Luján Calls for Vote on Comprehensive Immigration Reform

U.S. Rep. Ben Ray Luján
WASHINGTON, D.C. – U.S. Rep. Ben Ray Luján, first vice chair of the Congressional Hispanic Caucus, called for a vote on comprehensive immigration reform in the House of Representatives.
House Democrats have introduced a discharge petition that would require an up or down vote on H.R. 15, a bipartisan immigration bill, once a 218-member majority of the House signs that petition. Luján signed the petition Wednesday.
“Enough is enough – it is time to bring immigration reform to the House floor for a vote.” Luján said. “There is a growing coalition – from the high tech sector to law enforcement, from the agricultural sector to the faith community – that has been calling for action on comprehensive immigration reform. The Senate has passed a comprehensive bill and House Democrats have introduced legislation and stand willing to work toward a solution. House Republicans seem to be the only ones that are unwilling to address this critical issue and pass legislation that strengthens our economy, keeps our country safer, and reflects the contributions immigrants make to communities every day. The time for action is now. And with this petition, we are demanding a vote on comprehensive reform.”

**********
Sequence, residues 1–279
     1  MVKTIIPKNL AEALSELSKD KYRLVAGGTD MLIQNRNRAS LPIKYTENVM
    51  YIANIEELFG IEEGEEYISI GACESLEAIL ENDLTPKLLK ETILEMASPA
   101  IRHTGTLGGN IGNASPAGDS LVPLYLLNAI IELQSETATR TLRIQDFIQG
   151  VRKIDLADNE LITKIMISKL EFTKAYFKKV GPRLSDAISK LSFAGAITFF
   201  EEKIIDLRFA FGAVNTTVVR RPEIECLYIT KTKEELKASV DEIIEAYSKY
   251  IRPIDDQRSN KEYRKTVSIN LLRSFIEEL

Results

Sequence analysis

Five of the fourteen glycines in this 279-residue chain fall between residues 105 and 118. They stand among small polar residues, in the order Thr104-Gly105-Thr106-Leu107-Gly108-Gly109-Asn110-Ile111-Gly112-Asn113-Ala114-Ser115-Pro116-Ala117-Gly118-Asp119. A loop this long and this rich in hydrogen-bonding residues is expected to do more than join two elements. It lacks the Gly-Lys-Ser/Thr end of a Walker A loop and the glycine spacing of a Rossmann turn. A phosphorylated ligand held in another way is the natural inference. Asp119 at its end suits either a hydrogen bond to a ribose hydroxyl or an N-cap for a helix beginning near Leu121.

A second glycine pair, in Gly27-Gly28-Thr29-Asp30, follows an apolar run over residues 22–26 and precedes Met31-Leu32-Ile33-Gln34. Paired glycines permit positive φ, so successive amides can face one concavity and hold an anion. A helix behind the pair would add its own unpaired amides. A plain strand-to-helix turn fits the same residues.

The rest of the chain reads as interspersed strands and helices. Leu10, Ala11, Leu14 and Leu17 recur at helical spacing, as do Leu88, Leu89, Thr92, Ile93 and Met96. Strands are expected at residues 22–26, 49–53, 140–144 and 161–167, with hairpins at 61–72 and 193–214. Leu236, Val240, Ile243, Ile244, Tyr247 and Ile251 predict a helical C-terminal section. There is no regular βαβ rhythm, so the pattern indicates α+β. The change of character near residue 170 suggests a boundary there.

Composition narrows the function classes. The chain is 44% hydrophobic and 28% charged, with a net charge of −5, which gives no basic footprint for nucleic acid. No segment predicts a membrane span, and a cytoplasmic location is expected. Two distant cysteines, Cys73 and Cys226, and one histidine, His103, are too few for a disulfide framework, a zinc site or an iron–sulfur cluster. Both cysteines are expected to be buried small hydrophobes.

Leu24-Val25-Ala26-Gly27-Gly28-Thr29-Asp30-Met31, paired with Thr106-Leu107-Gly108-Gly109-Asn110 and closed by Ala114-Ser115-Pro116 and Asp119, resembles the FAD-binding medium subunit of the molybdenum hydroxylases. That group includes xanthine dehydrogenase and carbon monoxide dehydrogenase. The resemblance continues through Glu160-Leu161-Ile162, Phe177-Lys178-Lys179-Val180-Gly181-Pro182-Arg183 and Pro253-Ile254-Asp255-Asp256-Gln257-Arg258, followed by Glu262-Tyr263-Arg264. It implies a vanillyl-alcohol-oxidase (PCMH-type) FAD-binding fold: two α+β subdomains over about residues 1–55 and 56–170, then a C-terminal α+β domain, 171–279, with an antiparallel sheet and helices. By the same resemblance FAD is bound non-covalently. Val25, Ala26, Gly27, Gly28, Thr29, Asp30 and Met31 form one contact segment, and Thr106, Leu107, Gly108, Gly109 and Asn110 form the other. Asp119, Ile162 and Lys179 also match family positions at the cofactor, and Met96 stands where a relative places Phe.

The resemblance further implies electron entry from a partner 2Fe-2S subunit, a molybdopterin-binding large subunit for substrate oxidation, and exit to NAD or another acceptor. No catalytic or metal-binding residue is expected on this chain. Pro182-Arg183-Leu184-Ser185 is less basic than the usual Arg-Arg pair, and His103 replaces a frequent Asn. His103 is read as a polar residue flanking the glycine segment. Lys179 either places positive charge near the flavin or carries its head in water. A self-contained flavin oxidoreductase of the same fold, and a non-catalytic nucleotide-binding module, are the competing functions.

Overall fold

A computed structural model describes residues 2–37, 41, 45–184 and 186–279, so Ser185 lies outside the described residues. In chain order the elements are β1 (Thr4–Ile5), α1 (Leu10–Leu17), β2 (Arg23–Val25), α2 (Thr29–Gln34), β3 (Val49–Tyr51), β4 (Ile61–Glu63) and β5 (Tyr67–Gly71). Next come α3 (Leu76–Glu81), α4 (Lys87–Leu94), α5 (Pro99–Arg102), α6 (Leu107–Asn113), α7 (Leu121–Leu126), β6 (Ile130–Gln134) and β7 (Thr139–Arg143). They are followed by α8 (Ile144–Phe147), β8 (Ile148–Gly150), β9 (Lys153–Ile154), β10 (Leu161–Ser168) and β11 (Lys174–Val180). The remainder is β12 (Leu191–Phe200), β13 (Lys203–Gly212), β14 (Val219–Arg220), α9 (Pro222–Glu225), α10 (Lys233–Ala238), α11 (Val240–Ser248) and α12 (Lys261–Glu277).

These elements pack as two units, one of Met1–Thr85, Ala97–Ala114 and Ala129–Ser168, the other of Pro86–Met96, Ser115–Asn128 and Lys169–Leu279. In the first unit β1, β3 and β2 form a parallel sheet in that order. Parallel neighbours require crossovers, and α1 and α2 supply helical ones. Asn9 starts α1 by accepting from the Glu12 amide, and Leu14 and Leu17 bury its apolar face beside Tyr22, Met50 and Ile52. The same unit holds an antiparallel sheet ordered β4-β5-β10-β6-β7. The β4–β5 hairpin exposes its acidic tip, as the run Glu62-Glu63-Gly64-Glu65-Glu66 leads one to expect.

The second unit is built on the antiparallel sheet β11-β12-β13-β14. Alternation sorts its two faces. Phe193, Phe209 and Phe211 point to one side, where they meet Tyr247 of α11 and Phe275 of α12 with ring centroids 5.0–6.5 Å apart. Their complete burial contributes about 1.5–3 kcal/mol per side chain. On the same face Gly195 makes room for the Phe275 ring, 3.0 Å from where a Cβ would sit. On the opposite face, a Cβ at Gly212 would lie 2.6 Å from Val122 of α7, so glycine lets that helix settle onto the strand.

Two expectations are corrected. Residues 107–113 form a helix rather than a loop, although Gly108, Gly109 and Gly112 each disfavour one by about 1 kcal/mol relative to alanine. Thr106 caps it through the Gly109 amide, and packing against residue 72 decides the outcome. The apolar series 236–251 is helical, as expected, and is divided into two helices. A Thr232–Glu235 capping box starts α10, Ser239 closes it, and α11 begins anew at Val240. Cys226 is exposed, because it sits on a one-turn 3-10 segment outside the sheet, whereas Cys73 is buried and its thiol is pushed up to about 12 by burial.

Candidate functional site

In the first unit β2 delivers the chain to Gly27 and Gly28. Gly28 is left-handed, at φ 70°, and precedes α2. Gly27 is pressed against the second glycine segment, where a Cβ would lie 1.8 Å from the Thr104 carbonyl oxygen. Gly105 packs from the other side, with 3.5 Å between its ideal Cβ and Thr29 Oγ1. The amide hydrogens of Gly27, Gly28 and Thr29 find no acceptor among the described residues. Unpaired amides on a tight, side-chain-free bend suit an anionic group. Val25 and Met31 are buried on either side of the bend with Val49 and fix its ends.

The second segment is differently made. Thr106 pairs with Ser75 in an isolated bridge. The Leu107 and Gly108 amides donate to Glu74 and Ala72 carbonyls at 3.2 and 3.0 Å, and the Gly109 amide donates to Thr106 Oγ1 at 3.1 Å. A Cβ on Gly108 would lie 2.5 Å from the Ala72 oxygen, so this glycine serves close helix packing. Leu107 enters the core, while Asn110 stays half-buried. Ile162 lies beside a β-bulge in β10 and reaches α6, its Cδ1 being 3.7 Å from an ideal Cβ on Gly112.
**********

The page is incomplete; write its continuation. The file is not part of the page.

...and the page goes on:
Luján is an original cosponsor of H.R. 15, which according to a recent study by the Congressional Budget Office, would reduce the deficit by $900 billion.
“The current system is broken and families are suffering,” Luján said. “We cannot afford to wait any longer, and House Republicans are out of excuses for delaying action on this urgent issue. Our communities deserve a vote on the House floor.”
To read the bill in its entirety, click here.
According to the USLegal, Inc.™ website at, “A discharge petition is a petition signed by the members of the House of Representatives to bring a bill from committee to the floor for consideration. A discharge petition requires the signature of an absolute majority of the members which is signature of 218 members. Discharge petitions are moved when the committees delays the reporting of bills thus making it not possible to discuss in the legislature. A successful moving of a discharge petition discharges the bill without a report from a Committee.”
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